A Grammar of Lines: "A Line is a dot out for a walk."
- Paul Klee
A line connects two points. It is also the path made by a moving point. Lines can be thick or thin. They can be long or short. The can be vertical, horizontal, or diagonal. They can be solid or dotted or dashed. Lines can be curved or straight of combinations of both. There’s an endless variety in what we think of as a line (From Steven Bradley, Vanseo Design, 2010)
A horizontal line in art provides stability and often a representation of how we see much of the world: the natural horizon, the sea, our dining room table. The stability is sensed when we see the margins of things – buildings, a diner table, a shelf, a figure at rest. And Newton’s gravity is always present in order to root things. As our arms falls, the chalk leaves a perpendicular line that seeks the horizontal. As we read in English, we follow the letters left to right, horizontally.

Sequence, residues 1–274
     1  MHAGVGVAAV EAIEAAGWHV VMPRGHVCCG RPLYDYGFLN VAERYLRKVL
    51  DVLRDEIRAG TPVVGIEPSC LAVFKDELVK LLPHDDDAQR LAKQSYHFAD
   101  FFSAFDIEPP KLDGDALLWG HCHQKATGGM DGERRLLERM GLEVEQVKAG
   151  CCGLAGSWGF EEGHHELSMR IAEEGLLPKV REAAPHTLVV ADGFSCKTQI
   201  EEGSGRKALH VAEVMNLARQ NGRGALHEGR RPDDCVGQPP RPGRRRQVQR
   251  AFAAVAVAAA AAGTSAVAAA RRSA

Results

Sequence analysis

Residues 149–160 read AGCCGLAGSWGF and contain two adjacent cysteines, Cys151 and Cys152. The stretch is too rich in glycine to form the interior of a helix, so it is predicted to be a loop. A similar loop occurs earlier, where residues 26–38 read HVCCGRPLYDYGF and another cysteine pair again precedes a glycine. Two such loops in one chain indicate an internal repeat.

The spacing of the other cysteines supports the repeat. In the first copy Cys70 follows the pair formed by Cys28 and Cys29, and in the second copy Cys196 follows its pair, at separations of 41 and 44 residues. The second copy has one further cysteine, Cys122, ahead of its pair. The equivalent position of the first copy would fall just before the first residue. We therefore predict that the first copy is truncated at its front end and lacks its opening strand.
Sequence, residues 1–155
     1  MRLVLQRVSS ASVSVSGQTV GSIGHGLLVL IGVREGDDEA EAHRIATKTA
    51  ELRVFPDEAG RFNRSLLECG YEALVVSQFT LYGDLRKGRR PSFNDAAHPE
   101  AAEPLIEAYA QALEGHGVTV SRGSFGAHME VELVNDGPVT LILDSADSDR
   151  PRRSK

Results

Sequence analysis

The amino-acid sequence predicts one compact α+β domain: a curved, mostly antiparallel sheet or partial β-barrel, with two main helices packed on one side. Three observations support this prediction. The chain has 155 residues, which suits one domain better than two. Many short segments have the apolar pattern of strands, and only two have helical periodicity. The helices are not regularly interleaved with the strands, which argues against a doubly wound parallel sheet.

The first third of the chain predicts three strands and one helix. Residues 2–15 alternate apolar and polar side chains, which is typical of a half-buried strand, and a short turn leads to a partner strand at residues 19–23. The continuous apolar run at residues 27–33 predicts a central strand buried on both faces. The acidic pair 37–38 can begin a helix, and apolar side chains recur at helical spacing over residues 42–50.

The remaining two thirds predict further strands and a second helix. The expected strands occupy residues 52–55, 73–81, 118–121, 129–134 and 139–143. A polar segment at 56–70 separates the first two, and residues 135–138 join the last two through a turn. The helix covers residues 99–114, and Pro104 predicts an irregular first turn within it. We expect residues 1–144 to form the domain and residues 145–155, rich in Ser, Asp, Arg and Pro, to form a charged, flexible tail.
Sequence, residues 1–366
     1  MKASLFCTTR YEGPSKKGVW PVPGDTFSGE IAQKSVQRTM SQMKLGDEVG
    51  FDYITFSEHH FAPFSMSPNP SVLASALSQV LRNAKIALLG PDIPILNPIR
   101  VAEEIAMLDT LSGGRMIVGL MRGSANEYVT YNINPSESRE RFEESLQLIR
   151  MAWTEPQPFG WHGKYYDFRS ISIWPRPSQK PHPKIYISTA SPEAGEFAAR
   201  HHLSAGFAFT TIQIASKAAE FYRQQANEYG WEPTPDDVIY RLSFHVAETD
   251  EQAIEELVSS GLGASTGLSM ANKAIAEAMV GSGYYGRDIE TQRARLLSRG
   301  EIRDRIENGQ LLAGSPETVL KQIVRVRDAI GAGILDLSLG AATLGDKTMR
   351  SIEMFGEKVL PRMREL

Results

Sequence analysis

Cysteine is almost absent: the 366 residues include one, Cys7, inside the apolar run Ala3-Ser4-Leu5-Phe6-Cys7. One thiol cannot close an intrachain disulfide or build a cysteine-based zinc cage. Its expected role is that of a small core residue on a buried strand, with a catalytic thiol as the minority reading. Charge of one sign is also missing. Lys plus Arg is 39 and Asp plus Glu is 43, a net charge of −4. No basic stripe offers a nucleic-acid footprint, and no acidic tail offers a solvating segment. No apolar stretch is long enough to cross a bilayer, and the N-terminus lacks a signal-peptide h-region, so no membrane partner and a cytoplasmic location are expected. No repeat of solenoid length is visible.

Willard B. Moore
Horizontally Structured Art Without Food
Roy Lichtenstein (b. Manhattan, 1923 – 1997) Sea and Sky
James Turrell (b. Pasadena, CA, 1943 - )1969 Pink and White
Turrell is an American artist primarily concerned with light and space. Turrell was a MacArthur Fellow in 1984. Wikipedia
Roy Arden (b. Vancouver, CAN, 1957) Who’s Afraid of Red, Blue and Yellow? [Under the Sun series]
Robert Turrell, Breathing Light Series
Douglas Wheeler (b. Globe, AR, 1939)
Robert Irwin (b, 1928) Tilte Hiroshi Sugamoto
B. 19948 -
Ionian Sea, Santa Cesare, 1990
Robert Irwin (b. Long Beach, CA, 1928) Scrim Veil, Black Rectangle, Natural Light, 1977